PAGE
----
Teams with similar styles face off
Mids, Temple use power rushing attacks to dominate possession
A power rushing game designed to chew up the clock and wear down opposing defenses: That is the definition of Navy’s triple-option attack.
It also accurately describes what Temple wants to do on offense.
The Midshipmen and Owls will bring similar styles to the field when they meet Saturday at noon in the American Athletic Conference championship game.
Navy ranks second nationally in rushing offense with 342 yards per game and holds the ball an average of 32:40. Temple, which boasts a balanced attack that com-
bines power rushing with play-action passing, ranks fourth in the Football Bowl Subdivision in time of possession at 34 minutes per game.
“They’re a power-running football team. They’re going to get downhill. As you start to get people involved in the run game, they have really good play-action stuff that complements,” Navy coach Ken Niumatalolo said when asked about Temple. “Even though we’re a triple-option team, our principles are really similar. We run the football, try to control time of possession, run play-action. That’s kind of what they do, too.
With quarterback Will Worth leading the way, no team in college football is running as effectively as Navy. The Mids rushed for a season-high 496 yards in Saturday’s 75-31 demolition of Southern Methodist, the 10th-best output in program history and the most since October 2012. Just one week earlier, the Mids rushed for 480 yards in a rout of East Carolina.
“It’s a great offense and they’ve done a terrific job of wearing teams down and winning the war of attrition,” Temple coach Matt Rhule said. “That’s something we pride ourselves on. It’s not often that we play other teams that run, run, run and pound people until they submit, but that’s what Navy has done.”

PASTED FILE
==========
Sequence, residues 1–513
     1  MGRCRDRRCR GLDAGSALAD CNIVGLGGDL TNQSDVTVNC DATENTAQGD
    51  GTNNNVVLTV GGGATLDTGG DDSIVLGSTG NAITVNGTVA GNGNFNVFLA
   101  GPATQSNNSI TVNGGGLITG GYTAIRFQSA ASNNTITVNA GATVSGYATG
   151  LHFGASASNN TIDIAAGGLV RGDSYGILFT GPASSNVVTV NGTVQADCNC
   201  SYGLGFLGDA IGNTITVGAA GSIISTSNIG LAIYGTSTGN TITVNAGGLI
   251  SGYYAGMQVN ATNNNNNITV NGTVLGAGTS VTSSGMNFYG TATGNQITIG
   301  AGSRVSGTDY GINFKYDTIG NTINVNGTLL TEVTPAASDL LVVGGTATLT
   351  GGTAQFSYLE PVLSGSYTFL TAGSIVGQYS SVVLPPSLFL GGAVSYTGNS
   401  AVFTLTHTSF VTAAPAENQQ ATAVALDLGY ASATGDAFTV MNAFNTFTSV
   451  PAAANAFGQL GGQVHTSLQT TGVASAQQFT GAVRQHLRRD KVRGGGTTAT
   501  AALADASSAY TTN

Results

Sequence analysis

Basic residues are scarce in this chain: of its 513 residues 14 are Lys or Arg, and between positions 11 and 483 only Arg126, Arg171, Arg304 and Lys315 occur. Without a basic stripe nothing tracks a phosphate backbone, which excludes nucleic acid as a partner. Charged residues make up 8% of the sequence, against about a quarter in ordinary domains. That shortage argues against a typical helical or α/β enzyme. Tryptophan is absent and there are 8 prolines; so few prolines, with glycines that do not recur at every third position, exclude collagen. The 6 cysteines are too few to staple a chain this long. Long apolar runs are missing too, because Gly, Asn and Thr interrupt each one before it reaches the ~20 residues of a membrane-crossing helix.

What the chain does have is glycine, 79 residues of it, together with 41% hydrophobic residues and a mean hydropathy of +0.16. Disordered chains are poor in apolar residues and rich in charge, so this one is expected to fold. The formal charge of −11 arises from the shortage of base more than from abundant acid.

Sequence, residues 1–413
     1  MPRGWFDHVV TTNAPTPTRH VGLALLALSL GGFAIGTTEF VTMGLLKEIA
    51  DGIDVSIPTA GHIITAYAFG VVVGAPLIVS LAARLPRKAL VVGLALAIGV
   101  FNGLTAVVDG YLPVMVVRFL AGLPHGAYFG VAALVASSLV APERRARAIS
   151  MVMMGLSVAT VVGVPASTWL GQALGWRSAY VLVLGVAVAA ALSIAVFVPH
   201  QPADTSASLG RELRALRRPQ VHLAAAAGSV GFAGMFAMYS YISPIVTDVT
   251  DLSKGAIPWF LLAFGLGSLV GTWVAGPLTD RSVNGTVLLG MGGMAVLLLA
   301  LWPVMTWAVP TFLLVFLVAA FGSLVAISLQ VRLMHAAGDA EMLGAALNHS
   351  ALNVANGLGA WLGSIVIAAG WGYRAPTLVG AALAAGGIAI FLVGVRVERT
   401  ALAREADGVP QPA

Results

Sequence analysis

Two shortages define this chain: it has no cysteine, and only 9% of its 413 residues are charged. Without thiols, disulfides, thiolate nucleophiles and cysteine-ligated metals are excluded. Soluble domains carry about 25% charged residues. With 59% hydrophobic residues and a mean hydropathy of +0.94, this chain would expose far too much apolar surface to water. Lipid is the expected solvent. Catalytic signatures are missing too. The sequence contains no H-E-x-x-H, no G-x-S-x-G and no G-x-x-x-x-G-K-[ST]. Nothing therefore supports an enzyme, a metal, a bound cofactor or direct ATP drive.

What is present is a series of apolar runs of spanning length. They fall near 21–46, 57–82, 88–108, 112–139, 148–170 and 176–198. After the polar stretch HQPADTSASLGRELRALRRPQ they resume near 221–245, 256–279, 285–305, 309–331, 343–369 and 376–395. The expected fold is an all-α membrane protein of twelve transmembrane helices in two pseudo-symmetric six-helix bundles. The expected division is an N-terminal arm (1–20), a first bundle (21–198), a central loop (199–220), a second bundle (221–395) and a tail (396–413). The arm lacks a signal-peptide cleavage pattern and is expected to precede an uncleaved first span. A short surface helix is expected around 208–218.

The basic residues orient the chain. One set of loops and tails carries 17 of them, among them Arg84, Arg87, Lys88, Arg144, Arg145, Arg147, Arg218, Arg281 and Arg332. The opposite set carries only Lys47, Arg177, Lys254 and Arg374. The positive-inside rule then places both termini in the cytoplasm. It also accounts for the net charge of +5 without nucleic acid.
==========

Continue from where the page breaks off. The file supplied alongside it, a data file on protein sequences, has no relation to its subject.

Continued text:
Worth has been a workhorse, leading Navy in rushing with 1,181 yards and 25 touchdowns. The 6-foot-1, 205-pound senior has carried the ball 258 times, 187 more than any other Mid.
“I give a lot of credit to the quarterback. He’s not afraid to run the football,” Rhule said of Worth. “He makes tremendous decisions, but is also making a lot of plays. He’s a physical, competitive kid.”
While Worth has been the focal point of the triple-option this season, the Mids still have balance. Chris High and Shawn White have shared the workload at fullback and combined for 870 yards on 136 carries. The top three slotbacks — starters Dishan Romine and Toneo Gulley and substitute Darryl Bonner — have rushed for 1,028 yards off 109 carries.
Temple running backs Jahad Thomas and Ryquell Armstead have rushed for 856 and 842 yards, respectively, while totaling 25 touchdowns between them.
Quarterback P.J. Walker is also a running threat, but has done a good job of staying in the pocket and throwing downfield this season. The four-year starter has completed 58 percent of his passing attempts for 2,700 yards and 18 touchdowns.